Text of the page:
Reviewer: Lindsay McMurdo
Though brutally cut short just before the end by the Usher Hall’s fire alarms, the RSNO nonetheless delivered an evening of very welcome warmth and light to a packed house on Friday, much enlivened by the infectious energy of violin superstar Ray Chen.
Contemporary Finnish composer Lotta Wennakoski’s Of Footprints and Light kicked off proceedings in arresting if somewhat amorphous fashion with its ever-changing rhythms, textures and tempi, all deftly handled by the orchestra and its long-standing musical director Thomas Sondergard. Brief snatches of melody and more reflective passages were quickly swept away, making this listener wish for a more fully developed approach, but as an appetiser for the two substantial main courses to follow, it certainly served its purpose.
Taiwanese-born violin prodigy Ray Chen is as well-known online as on the concert platform these days, but it was evident from the opening bars of Sibelius’ much-loved Violin Concerto (the composer’s only work in this form) that his heart remains firmly in his performance career. Confidence personified, he made light work of the first movement’s extreme technical demands and was spell-binding during the movement’s extended cadenza.
The contemplative lyricism of the second movement seemed to challenge him more than the pyrotechnics of the first, with rather overwrought vibrato and a curiously rasping, almost buzzy tone at times. Somewhat stodgy orchestral accompaniment added to the feeling that we were in histrionic, rather than heartfelt, territory.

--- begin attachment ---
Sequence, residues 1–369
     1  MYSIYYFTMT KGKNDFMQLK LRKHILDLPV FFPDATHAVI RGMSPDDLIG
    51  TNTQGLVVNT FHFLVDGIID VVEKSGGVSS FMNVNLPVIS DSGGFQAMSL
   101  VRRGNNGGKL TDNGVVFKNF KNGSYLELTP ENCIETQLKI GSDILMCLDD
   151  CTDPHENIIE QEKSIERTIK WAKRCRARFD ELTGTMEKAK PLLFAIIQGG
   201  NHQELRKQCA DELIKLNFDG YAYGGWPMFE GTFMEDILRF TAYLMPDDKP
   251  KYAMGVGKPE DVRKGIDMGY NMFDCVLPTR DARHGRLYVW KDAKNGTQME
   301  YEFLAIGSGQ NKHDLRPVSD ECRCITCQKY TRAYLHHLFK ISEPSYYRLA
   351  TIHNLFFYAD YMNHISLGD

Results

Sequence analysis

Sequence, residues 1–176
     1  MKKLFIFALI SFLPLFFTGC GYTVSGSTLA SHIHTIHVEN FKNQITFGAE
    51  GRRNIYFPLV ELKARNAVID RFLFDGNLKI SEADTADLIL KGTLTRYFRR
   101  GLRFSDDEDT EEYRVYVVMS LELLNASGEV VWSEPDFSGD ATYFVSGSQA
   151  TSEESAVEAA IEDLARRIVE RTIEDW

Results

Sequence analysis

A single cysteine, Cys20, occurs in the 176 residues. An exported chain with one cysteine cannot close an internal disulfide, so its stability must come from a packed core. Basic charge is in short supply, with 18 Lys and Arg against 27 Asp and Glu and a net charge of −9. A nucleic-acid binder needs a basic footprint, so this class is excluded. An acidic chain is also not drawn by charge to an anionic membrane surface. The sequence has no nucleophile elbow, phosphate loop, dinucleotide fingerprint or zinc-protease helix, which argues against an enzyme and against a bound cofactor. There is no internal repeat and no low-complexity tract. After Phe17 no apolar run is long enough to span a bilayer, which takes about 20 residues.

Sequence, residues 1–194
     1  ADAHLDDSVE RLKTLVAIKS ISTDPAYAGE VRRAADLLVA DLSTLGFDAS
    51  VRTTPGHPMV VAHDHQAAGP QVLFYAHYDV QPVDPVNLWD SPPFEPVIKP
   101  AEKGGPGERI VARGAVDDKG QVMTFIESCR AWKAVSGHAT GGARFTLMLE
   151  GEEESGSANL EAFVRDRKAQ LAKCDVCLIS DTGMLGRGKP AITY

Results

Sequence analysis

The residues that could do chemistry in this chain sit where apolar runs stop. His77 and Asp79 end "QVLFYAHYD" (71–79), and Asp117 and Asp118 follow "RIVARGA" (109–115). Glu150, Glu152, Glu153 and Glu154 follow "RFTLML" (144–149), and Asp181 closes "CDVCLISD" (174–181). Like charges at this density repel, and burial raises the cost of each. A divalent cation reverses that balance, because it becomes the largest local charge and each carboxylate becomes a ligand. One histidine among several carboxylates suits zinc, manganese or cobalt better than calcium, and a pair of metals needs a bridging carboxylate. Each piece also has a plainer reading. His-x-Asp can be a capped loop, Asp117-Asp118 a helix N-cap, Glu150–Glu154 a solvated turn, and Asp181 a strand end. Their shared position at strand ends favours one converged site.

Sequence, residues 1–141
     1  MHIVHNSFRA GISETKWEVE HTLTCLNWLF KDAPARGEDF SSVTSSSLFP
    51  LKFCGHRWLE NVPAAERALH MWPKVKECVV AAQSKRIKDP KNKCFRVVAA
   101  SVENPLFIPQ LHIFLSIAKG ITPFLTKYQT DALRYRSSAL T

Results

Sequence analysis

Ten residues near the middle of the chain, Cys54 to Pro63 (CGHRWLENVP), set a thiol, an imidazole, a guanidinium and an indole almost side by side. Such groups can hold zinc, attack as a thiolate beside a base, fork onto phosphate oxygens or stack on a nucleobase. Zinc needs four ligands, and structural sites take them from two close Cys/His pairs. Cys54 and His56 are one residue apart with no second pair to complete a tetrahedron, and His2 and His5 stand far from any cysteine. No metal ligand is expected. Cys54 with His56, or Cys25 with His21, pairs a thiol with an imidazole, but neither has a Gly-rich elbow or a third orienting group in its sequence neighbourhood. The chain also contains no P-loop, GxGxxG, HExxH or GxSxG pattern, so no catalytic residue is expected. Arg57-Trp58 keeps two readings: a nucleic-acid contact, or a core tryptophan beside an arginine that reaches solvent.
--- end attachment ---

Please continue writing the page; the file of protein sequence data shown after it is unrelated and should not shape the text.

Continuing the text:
Safely back in virtuoso mode, Ray Chen swept all before him with a thrillingly rhythmic and driven third movement. His clarity and precision at speed is genuinely astonishing and if his relentless pace threatened to trip up the orchestra on a couple of occasions, everything came together with a magnificent flourish at the end. An ecstatic audience was rewarded with an encore of Paganini, an apt choice for one of the violin world’s greatest technicians.
After the break, Dvorak’s 6th Symphony allowed Sondergard more room to showcase some beautiful playing by the RSNO, especially in the interplay between sections and most especially by the orchestra’s principal flautist and oboist in the second movement. The third movement Scherzo, much influenced by Czech folk music, was delivered with tremendous vigour.
Sadly, both orchestra and audience were deprived of the rousing finale that would surely have been delivered by the venue’s wretched fire alarms. No doubt the Usher Hall will investigate fully to prevent any repetition!